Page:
In early May I wrote a piece titled “Sándor Lezsák’s fiefdom in Lakitelek came to an abrupt end.” The occasion was a by-election held in this large village where the Fidesz leadership suffered a severe blow. The solid Fidesz majority on the Lakitelek town council simply evaporated. The event received national attention because Lakitelek is Sándor Lezsák’s Felcsút.
Sándor Lezsák is best known as the man in whose backyard the Magyar Demokrata Fórum, a right-of-center political party that won the first democratic election after the fall of communism, was born. Lezsák was a teacher at the time in the Lakitelek elementary school. Although he is often described as a minor poet on the basis of two slim volumes of poetry published in 1983 and 1988, he seems to have given up his literary ambitions. On the other hand, ever since 1987 he has been active in politics, first as a member of MDF and later, after his expulsion from the party, in Fidesz. Today Lezsák is one of the deputy speakers of the Hungarian parliament.
While Viktor Orbán’s Felcsút has become the football capital of Hungary, Lakitelek is best known for the Lakitelek Népfőiskola Alapítvány, a private foundation established by Lezsák and his wife for the edification of those who would like to immerse themselves in the eastern traditions of the Hungarian past. This “people’s college” has adopted a decidedly right-wing ideology and a pro-eastern cultural and political orientation. Lezsák’s foundation receives a great deal less public money than does Orbán’s Puskás Academy. Still, according to some estimates, Lakitelek Népfőiskola will have received about 12 billion forints in public funds by 2020. Year after year buildings are added to the complex, which by now looks more like a wellness center than a college for poor country folks, as the founders of such institutions originally imagined them.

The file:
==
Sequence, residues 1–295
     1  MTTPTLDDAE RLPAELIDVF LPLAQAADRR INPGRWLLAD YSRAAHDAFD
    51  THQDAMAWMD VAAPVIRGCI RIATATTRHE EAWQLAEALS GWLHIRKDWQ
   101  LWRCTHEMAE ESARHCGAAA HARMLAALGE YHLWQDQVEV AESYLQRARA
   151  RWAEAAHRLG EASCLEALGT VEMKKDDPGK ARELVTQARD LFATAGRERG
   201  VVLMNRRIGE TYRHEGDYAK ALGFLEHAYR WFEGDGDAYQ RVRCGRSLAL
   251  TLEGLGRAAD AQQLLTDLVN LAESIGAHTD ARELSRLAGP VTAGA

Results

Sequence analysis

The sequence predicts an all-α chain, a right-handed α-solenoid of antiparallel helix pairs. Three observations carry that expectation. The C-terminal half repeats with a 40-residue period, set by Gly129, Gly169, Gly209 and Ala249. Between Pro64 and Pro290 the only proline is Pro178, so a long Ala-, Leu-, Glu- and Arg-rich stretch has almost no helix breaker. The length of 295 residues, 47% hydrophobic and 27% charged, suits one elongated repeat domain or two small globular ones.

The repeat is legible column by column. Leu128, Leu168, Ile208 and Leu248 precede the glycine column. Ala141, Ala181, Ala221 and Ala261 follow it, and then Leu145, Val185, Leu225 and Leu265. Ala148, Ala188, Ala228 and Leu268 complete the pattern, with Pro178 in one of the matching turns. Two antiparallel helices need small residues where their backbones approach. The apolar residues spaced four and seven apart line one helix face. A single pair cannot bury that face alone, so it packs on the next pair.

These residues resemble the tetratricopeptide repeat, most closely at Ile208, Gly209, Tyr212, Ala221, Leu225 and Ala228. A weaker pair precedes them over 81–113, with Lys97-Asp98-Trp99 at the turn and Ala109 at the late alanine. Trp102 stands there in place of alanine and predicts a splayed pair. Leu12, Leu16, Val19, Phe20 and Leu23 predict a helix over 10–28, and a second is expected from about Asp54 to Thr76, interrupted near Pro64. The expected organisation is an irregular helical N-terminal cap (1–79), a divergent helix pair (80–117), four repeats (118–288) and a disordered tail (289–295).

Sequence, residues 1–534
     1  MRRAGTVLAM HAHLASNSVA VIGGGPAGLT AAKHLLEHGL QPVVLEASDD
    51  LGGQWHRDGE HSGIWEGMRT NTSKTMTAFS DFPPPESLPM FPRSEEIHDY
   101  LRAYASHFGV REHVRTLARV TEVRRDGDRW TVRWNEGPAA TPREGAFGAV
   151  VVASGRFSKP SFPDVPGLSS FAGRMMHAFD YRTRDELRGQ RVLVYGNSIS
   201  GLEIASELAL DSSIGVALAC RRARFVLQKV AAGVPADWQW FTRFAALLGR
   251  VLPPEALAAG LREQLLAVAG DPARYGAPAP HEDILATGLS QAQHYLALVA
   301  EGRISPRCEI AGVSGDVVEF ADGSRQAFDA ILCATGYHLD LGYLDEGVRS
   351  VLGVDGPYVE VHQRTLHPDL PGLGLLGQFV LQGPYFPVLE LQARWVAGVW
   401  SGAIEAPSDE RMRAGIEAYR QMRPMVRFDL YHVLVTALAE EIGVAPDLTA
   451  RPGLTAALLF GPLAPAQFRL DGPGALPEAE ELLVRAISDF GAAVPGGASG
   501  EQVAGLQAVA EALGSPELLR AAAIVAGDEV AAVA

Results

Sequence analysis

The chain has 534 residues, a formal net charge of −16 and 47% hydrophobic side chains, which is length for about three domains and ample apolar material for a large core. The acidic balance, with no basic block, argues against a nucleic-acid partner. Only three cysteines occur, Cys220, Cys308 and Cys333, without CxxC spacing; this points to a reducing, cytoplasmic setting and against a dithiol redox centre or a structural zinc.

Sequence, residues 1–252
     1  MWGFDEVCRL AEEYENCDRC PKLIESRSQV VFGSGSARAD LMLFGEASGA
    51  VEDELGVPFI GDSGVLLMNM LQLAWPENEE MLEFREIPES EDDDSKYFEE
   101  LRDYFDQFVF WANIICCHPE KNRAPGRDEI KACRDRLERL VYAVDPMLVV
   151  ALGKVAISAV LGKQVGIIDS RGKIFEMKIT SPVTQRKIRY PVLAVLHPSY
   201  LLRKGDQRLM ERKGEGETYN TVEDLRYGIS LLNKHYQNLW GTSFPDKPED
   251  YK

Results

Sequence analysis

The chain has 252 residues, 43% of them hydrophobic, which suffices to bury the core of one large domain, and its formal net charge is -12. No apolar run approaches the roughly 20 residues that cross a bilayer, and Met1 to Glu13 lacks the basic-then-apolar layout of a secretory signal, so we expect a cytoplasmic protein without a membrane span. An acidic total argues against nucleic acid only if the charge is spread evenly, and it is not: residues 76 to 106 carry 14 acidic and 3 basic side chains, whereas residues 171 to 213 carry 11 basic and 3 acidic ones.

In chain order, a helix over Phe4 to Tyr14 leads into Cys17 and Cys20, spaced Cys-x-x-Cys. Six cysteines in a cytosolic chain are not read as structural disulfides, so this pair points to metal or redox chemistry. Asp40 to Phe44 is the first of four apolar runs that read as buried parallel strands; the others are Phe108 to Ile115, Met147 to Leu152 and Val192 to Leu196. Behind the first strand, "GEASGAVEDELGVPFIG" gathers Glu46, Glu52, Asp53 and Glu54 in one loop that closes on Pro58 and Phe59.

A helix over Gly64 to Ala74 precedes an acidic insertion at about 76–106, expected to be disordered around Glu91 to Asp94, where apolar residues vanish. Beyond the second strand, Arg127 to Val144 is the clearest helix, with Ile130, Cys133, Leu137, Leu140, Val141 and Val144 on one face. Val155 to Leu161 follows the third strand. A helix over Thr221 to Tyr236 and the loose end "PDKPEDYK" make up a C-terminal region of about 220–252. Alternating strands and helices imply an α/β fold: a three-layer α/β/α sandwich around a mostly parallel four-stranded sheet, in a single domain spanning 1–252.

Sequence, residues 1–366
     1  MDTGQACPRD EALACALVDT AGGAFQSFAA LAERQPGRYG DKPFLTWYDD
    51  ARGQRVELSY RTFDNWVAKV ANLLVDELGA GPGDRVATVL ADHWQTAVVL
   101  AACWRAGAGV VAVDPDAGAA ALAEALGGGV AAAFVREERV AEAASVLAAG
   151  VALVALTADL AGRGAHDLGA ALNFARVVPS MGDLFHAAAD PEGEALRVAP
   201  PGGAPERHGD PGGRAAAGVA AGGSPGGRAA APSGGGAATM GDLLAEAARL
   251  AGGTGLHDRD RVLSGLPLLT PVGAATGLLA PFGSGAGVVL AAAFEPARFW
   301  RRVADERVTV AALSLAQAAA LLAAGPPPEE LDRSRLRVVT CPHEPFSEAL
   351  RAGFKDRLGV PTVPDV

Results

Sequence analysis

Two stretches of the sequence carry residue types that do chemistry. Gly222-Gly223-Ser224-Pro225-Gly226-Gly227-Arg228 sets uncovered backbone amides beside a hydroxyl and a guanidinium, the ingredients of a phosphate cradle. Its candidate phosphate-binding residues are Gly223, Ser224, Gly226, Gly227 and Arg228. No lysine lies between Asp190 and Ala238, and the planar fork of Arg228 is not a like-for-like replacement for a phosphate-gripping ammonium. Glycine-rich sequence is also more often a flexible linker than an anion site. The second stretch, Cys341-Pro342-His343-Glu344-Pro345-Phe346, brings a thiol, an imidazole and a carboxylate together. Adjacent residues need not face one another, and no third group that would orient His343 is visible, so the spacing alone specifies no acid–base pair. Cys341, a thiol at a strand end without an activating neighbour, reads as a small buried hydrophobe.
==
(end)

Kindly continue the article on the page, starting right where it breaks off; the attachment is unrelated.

Lakitelek is in the news again. It looks as if the Nemzeti Művelődési Intézet (NMI), a public institution with a yearly budget of 1.3 billion forints, will be “inherited” by Sándor Lezsák’s foundation. Thus, a publicly funded institution will be moving to the grounds of a private foundation. NMI’s headquarters are currently in Budapest, but a new building will be erected in Lakitelek. The staff will have to relocate. If, that is, they want to move to a village on the Great Plains about 100 km from Budapest.
In January János Lázár announced, in the name of reducing the size of the bureaucracy and cost cutting, the closing or merger of 73 so-called background institutions attached to ministries. NMI, which was established only in 2013, was destined to be eliminated. But then, as usual, all sorts of interest groups tried to save the institution, which has a nationwide network and whose main function is cultural and educational improvements, especially in smaller, disadvantaged communities.